Education bodies are often government run / sponsored as well, so you can imagine, changing hearts and minds, or creating awareness, isn't something that's comes easily. My workaround so far, has been to dual-boot Mint, and seal-off the Windows partition by hibernating it. This has drawbacks obviously, you can't share your old files etc.
Plus the Mint's + Adobe flash downloader doesn't work and is seriously out of date anyway (had to stumble around looking for old canonical links as Mint's Software Manager doesn't help here). I can nuke Mint occasionally if it catches something, that is unless its rootkit based, then I'm probably screwed!....
Friday 2nd February 2018 02:53 GMT veti
Re: And the biggest offender Award goes to....
Makes sense. It's a sector where people are most likely to be encouraged/forced to use shit that they personally had no hand in making, that's never been properly vetted or audited, and doesn't even have any proper trail of accountability showing who chose it in the first place.
As a result of which, if a teacher does have reservations about a particular course or resource, there are many lines of resistance to challenging it that kick in automatically, quite regardless of what it is:
1. That's mandated by (insert agency here). Or at least we think it is, frankly the guidance is so vague it's very hard to tell, but we know that if we get it wrong we'll be subject to months of inspections and possibly loss of funding, so how strongly do you feel about this exactly?
2. That was licensed back in 2013, we don't have the budget to review or replace it
3. That is approved by (insert agency here), it represents the latest and best thinking and it knows far better than you do (pleb)
4. All our other course materials are designed around that. Taking it out would leave a hole that would take months of work to plug, and nobody has time for that.
5. Yes, we hate that too, but Mr Awkward the deputy head likes it and if we try to scrap it, he'll retaliate by pulling our licenses for these other resources and demanding a full review
6. I've only been doing this job a couple of years, I don't know which of (1-5) applies in this case, but I'm pretty sure at least one of them does.
Friday 2nd February 2018 00:39 GMT thames
Does it even work on Linux?
El Reg said: "The Photoshop maker said that – so far – only Windows machines have been attacked, although Windows, Macintosh, Linux, and Chrome OS systems are potentially vulnerable."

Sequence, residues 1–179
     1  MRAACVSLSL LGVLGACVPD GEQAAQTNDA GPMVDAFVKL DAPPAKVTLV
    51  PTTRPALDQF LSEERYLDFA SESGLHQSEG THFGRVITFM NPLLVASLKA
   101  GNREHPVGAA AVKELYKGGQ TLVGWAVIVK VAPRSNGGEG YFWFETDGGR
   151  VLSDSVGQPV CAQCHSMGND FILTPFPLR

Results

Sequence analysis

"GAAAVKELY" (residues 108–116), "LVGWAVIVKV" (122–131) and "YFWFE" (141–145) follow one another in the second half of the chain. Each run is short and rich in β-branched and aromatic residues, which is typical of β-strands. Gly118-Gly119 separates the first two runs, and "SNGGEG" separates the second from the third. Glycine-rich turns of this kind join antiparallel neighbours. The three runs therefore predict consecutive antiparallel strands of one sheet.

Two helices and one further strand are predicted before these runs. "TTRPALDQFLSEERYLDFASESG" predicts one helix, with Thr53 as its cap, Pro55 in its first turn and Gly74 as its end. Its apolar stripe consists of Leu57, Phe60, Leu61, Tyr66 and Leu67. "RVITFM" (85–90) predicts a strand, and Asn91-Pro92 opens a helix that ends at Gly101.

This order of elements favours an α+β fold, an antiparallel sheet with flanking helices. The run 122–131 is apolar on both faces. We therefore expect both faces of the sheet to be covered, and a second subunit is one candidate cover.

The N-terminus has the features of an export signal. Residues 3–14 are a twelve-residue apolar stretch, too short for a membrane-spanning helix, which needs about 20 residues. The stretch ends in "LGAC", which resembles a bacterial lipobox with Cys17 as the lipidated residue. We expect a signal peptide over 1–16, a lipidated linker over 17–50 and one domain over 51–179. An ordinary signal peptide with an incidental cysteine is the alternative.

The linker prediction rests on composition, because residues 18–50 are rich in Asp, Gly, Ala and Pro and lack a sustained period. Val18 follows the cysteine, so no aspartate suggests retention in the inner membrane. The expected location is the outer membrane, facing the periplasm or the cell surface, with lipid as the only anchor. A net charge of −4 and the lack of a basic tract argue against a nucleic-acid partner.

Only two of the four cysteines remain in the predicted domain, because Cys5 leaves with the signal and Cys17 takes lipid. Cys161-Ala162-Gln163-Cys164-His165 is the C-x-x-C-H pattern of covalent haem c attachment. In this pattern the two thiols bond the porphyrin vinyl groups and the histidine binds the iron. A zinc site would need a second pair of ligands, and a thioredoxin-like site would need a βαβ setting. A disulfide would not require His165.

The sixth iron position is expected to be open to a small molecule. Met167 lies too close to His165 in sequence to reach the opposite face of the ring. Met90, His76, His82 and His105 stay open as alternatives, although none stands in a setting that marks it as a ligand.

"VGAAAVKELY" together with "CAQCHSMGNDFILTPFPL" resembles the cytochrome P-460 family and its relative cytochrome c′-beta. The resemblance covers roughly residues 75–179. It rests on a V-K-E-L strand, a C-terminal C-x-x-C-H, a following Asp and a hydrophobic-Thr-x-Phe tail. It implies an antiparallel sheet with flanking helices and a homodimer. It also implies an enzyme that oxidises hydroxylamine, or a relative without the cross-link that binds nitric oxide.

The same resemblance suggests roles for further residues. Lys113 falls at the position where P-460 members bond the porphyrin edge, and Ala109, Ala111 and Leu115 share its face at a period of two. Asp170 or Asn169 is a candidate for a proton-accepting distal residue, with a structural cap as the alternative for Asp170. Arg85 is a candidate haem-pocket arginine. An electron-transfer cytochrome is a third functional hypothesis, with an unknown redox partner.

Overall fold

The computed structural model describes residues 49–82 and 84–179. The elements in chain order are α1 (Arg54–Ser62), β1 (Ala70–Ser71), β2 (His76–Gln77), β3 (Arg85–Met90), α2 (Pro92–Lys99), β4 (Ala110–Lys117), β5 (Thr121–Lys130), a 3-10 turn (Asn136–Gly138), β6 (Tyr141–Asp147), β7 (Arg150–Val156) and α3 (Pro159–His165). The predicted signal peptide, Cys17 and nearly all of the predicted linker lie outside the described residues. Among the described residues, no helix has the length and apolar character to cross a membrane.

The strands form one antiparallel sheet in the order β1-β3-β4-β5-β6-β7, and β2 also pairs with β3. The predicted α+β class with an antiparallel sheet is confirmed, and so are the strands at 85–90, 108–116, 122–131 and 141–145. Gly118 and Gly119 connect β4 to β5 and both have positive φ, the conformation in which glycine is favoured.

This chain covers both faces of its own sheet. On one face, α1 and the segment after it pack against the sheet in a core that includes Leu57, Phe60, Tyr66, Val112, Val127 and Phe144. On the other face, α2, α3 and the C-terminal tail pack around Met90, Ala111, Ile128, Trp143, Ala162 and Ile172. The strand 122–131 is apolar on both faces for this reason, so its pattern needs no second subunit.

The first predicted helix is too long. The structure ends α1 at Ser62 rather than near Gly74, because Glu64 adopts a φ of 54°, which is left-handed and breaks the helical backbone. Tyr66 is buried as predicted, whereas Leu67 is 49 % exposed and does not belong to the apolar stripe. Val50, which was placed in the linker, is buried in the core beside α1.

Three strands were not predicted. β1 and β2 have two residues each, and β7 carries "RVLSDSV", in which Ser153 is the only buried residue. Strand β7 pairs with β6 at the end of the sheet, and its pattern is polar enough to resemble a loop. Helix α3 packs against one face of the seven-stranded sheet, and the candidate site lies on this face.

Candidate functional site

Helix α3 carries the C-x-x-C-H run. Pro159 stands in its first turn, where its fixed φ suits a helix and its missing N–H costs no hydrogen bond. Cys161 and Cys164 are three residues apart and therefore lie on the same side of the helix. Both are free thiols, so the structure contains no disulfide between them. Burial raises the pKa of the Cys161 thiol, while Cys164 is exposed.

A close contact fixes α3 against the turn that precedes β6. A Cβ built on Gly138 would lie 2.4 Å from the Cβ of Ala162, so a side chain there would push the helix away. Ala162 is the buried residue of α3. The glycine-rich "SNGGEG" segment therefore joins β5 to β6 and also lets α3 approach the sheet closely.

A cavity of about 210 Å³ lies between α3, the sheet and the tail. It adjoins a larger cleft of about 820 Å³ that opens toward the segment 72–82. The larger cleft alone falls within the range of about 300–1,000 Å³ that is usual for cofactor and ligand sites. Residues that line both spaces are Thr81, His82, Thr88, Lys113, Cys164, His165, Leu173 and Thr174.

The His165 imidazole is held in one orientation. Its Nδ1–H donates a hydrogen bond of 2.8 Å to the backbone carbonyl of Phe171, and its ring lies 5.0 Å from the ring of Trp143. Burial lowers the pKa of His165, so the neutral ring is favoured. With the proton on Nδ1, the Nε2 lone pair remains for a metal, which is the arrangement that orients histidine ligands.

I'm using Ubuntu 16.04. I just had a look in the user reviews in the Ubuntu Software Centre (software installation manager) and most of them are saying it doesn't work. I looked at quite a few reviews, but found only two who said it worked (the most recent from a year and a half ago), but they didn't have anything positive to say about it. I think the ones who did have it were using Ubuntu 14.04, so I have serious doubts that many Linux users these days have Flash installed.
I haven't had Flash installed in many years, and it is very rare that I see any web sites that make any use of it at all. For some years now the main laggards still using it tended to be ads, and quite frankly I didn't miss them at all.
If you've got it installed, you can almost certainly just delete it (if you can) without missing anything of value. For the very, very, few people who have a legitimate application for it, you're going to have to find another solution before too long anyway when Adobe finally pulls the plug on it and all the browser vendors blacklist it from being installed at all.
Friday 2nd February 2018 07:11 GMT Voland's right hand
Re: Does it even work on Linux?
I just had a look in the user reviews in the Ubuntu Software Centre (software installation manager) and most of them are saying it doesn't work.
Works here (100% Debian household). I have to keep it because of several education sites that still rely on it.
It will be gone the moment 3PLearning finally switches to HTML5.
Friday 2nd February 2018 02:30 GMT Michael Thibault
Unfortunately, the bullet intended for Flash...
is moving slowly; it will take 1000+ days for it to arrive.
If Adobe were a tad more responsible they'd make the imminent demise of Flash a visible, obvious part of the update process. And start stripping functionality from it with each iteration. And build into it a suicide gene that completely erases the f*in' thing after the last day of 2020. And let users know that that's the future.
Friday 2nd February 2018 08:29 GMT Anonymous Coward
Accumulated cost of Adobe vulns
Given the long and shameful history of code vulnerabilities in Flash and Acrobat, I idly wondered what the aggregate global costs were of Adobe's repeated failure to fix their shonky software. So that'c the cost of clean up efforts, IP losses, fraud enabled by Adobe,
I'm guessing of the order of high double digit billion dollars wasted, just because of one tosspot company. Maybe Adobe should register the slogan "Internet scumbags: Powered by Adobe".
Friday 2nd February 2018 08:39 GMT Mr Dogshit
Friday 2nd February 2018 09:20 GMT Anonymous Coward
I am not particularly fond of flash, but I can't understand this long standing flash-bashing. Have you actually suffered (or know of one who did) a loss due to a flash vulnerability? Or is it just news stories of "north Korean hackers did it somewhere"?
or how about the other "scare story du jour", spectre and the rest of it, we have a whole industry in turmoil just because of a theoretic threat that will not touch 99% of people's computers
give bugbears a rest, register et al!
Friday 2nd February 2018 09:53 GMT wolfetone
This line I found ammusing:
"The flaw is being abused right now by North Korean hackers to infect victims' PCs."
When you consider one of the software titles released under the Vault 7 leaks allowed the NSA to "spoof" the location of attacks, it makes one wonder whether North Korea are doing these attacks at all and not someone else.
Friday 2nd February 2018 17:03 GMT Anonymous Coward